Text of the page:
Foreclosure — Real Estate Law in Sandusky, OH

Dealing with a parent's unexpected death is never easy. Amid the shock and grief you're experiencing can also come worries about more logistical matters, from taking on responsibility for any pets left behind to liquidating your parent's estate. 

These matters can become even more complicated if you find out that your parent was facing mortgage foreclosure proceedings at the time of his or her death. Attempting to deal with the bank and unravel the timeline of events—often when you may not even have the legal authority to negotiate a mortgage modification on your parent's behalf—can be a significant challenge.

Read on to learn more about Ohio's laws governing the mortgage foreclosure process and what you'll need to do if you'd like to attempt to avert foreclosure and maintain your parent's home as part of his or her estate. 


Like many states, Ohio follows a judicial foreclosure process, which means a lender must file a civil lawsuit and go through all associated court procedures before a foreclosure judgment may be granted. 

This can be good news for heirs; states that don't abide by this type of judicial process can often "fast-track" their foreclosure proceedings, making it tougher to negotiate any type of workout.

Generally speaking, a formal foreclosure complaint will be filed only after the borrower has missed at least three monthly payments, putting him or her at least 90 days in arrears.

After the first or second missed payment, your parent's bank likely sent him or her a demand letter to indicate that the mortgage balance would accelerate, or become due in full, unless these skipped payments were quickly caught up.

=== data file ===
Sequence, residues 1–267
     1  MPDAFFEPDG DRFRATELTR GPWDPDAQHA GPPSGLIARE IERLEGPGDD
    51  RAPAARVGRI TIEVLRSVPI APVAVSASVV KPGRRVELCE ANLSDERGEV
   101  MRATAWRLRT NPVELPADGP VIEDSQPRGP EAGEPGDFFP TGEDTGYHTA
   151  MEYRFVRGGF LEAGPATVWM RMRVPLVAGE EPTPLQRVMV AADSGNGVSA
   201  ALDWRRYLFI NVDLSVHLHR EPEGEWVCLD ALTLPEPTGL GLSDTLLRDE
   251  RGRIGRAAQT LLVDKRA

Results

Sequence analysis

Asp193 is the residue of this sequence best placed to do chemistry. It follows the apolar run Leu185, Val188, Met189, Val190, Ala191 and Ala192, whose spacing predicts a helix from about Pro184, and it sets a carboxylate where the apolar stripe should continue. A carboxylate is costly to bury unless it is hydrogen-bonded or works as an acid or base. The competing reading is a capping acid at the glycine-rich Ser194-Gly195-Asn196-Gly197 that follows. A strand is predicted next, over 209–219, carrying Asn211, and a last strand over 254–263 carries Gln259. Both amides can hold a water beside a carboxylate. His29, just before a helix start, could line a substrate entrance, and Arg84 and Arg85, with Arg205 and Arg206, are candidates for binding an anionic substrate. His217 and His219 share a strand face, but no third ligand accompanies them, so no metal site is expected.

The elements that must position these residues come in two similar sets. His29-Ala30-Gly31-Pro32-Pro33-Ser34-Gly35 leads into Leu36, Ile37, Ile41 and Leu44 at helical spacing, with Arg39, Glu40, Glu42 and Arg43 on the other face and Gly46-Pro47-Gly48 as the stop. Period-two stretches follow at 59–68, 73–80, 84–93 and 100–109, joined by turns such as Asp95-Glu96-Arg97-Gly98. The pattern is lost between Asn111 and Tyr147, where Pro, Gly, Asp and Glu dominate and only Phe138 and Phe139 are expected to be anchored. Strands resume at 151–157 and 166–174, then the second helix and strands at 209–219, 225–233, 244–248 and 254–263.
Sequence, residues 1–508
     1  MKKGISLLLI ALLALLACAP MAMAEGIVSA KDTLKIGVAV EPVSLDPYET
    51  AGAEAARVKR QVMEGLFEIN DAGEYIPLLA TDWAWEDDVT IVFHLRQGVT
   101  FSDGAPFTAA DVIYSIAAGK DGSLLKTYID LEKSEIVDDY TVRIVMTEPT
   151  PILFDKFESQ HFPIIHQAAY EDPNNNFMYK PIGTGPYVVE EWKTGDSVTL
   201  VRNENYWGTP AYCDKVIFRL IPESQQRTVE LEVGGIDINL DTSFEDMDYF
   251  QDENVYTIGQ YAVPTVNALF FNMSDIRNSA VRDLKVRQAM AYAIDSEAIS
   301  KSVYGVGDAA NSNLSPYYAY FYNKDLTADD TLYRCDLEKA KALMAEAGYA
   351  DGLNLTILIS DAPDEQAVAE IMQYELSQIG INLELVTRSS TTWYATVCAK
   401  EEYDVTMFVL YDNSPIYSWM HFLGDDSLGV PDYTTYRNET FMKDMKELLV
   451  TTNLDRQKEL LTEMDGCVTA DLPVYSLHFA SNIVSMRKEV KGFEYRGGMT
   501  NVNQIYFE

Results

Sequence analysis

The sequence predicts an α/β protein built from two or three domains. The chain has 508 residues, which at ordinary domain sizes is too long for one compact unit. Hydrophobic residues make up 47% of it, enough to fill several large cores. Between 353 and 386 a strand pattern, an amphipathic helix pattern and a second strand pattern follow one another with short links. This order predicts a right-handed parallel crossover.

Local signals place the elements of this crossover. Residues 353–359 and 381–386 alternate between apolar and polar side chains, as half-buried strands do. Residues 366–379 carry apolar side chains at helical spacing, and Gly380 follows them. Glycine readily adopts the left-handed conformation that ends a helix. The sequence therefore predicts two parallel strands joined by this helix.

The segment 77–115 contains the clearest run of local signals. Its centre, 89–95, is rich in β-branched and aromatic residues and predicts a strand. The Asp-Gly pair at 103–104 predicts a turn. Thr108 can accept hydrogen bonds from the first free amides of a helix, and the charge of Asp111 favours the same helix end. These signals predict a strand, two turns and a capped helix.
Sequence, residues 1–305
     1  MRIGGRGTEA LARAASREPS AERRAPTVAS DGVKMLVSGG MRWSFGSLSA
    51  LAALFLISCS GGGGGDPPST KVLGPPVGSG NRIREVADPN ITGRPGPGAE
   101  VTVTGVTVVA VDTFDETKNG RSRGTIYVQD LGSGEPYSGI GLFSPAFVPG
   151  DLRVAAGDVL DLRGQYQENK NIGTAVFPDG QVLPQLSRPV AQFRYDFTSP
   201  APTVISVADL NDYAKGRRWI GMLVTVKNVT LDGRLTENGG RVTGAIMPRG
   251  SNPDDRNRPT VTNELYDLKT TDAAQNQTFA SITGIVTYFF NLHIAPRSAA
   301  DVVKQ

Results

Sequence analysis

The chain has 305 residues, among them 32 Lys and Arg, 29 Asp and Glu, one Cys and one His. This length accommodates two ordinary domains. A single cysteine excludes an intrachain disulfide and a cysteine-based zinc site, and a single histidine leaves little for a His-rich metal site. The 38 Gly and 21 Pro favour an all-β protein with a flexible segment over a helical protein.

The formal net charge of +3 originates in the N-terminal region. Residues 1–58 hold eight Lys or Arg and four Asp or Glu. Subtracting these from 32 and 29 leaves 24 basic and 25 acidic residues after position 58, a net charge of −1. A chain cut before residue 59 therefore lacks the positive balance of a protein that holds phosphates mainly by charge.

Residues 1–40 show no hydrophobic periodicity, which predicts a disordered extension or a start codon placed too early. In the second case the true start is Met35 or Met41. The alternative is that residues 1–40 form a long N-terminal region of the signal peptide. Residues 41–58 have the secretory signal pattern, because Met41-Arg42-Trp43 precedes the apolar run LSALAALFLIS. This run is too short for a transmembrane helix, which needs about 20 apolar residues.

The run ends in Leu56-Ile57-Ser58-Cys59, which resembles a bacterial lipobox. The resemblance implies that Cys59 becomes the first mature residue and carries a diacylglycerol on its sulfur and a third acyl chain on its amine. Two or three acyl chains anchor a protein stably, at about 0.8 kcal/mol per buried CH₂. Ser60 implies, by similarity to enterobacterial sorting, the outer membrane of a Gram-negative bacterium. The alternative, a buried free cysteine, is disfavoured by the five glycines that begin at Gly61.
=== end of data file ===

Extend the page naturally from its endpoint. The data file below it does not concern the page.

Once a foreclosure lawsuit is officially filed, the borrower, or defendant, is served with a summons and complaint. If the borrower doesn't file a response to this complaint with the trial court within 28 calendar days, the lender may proceed to seek a default judgment of foreclosure.

On the other hand, if an answer is filed, the trial court will need to schedule the matter for hearing. This hearing will help the trial court determine whether foreclosure should be granted—and title to the property given to the lender—or whether some alternative, like reinstatement, short sale or a deed in lieu of foreclosure could be a more equitable option. 

When a borrower files an answer to the complaint, he or she may request that the matter be sent to mediation rather than be litigated. Mediation is a less adversarial process than litigation and can often help the parties reach an agreement to avert foreclosure. 


Your rights largely depend upon where your parent was in the foreclosure process at the time of his or her death. If your parent only recently fell behind on mortgage payments and a foreclosure complaint has not yet been filed, it's possible you may be able to informally come to an agreement with the mortgage lender to prevent any further legal action. 

On the other hand, if the matter has already wound its way through the court system to end in a judgment of foreclosure, or if the house has already been listed—or sold—at a sheriff's sale, your options—and timeline—may be more limited. 

Fortunately, Ohio provides a redemption period that can permit borrowers to reinstate their mortgages, plus any applicable fees and cost, up until the trial court confirms the sale.

The sheriff then has a 60-day deadline to confirm to the trial court that a foreclosure sale took place, while the trial court has an additional 30 days to record and confirm this sale. This means that a foreclosure defendant has up to 90 days to come up with the necessary funds to reinstate this loan and continue to make timely payments.

If you've found yourself tangled in your recently-deceased parent's foreclosure mess, you'll want to contact an attorney as quickly as you can. An attorney can help you and any other potential heirs more fully understand your rights and obligations.